If LMN? was actually recorded as a separate album, it shows great growth within a short period of time and should serve as a springboard for Lanez to catapult himself back into the conversation of top hip-hop singer-song makers going into 2019. In order to do that, however, Lanez will need to dive deeper on future efforts. As far as content, LMN? doesn’t offer much for people who don’t plan to skip cuffing season and thot all winter. But if that’s your plan, relate away. As Tory said on “ThE RUn oFF,” “Baby Ima/smoke this marijuana/and do what I wanna … I be all up in the streets/doing my thing and fucking these freaks.”

The album’s lack of subject matter depth is saved by a star studded feature list, including Chris Brown, Trey Songz and 2 Chainz, and banging production. It’s far from a classic, but LMN? should keep Tory in rotation for a little while.

Towns, Wiggins can be better for Butler fiasco

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The only thing missing from Timberwolves practice Wednesday was introduction music, as Jimmy Butler showed up like a surprise WWE Royal Rumble entrant ready to cause chaos.

After a late arrival, he reportedly called out and cursed at teammates, coaches and executives during the non-public session, while teaming with the third-stringers and beating the starters. His inaugural participation in this offseason’s training camp, and the subsequent drama, was obviously premeditated as ESPN and Rachel Nichols were in Minnesota to get an interview from the disgruntled star almost immediately after.

What’s not as obvious is whether Timberwolves coach and president of basketball operations Tom Thibodeau was an accomplice to the ruckus – in on it from the start. The coach failed to confront his star player during the outburst, and Butler even suggested during his sit down with Nichols that Thibodeau secretly enjoyed it.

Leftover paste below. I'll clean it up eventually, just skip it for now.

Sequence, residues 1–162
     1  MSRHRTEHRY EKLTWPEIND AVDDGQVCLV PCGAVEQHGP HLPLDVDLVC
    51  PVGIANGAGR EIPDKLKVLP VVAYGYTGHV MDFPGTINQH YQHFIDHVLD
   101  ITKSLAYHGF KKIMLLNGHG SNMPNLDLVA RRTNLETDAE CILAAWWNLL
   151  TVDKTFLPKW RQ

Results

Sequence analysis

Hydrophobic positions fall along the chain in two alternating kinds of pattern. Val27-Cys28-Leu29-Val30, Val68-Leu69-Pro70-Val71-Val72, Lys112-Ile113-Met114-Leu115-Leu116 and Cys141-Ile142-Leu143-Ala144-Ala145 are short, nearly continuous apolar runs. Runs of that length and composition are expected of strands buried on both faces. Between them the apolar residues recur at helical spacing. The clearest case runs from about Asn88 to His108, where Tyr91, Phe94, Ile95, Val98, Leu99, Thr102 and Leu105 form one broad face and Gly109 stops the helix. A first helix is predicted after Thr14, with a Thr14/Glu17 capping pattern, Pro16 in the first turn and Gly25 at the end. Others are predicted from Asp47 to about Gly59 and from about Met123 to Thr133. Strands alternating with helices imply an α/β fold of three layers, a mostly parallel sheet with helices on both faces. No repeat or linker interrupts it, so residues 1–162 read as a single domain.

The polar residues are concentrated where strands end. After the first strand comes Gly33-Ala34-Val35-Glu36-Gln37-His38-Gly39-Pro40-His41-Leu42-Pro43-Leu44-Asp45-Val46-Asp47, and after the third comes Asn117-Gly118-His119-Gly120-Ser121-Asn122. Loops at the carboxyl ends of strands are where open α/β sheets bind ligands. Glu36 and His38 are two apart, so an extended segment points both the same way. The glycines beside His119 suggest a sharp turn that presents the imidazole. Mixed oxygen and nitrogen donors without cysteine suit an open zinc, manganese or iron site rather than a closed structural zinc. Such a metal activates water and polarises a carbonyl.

Some in local media believe Thibs’ job should be at stake for letting this fly, whether or not he was aware beforehand. I think the bigger problem is that Karl-Anthony Towns and Andrew Wiggins didn’t respond how you would want the building blocks of your franchise to respond. Both max-contract players, they were apparently victims of the verbal onslaught in practice and rather than confronting Butler, accepting the challenge and beating him on the court, they lost to a group of third-stringers led by Butler.

This outcome proves every point Butler has been trying to make since we learned of his trade request. You would think the outcome also lights a fire under everyone in the organization – which would be the reason Thibodeau possibly enjoyed what transpired. It forces his entire team to look at themselves and see what it is that Butler has in his competitive makeup that they’re lacking, and it forces the owner to see why Thibodeau never wanted to trade Butler in the first place.

Even if those moments of reflection occur, however, what has already transpired can’t be reversed, of course. So as Butler alluded to, everything is not fixed. Things may never get fixed with him on this roster. But the two people who should be better for this situation are the two being paid like stars, even though they’ve never led a team to the playoffs (2017-18 doesn’t count. Butler led that team).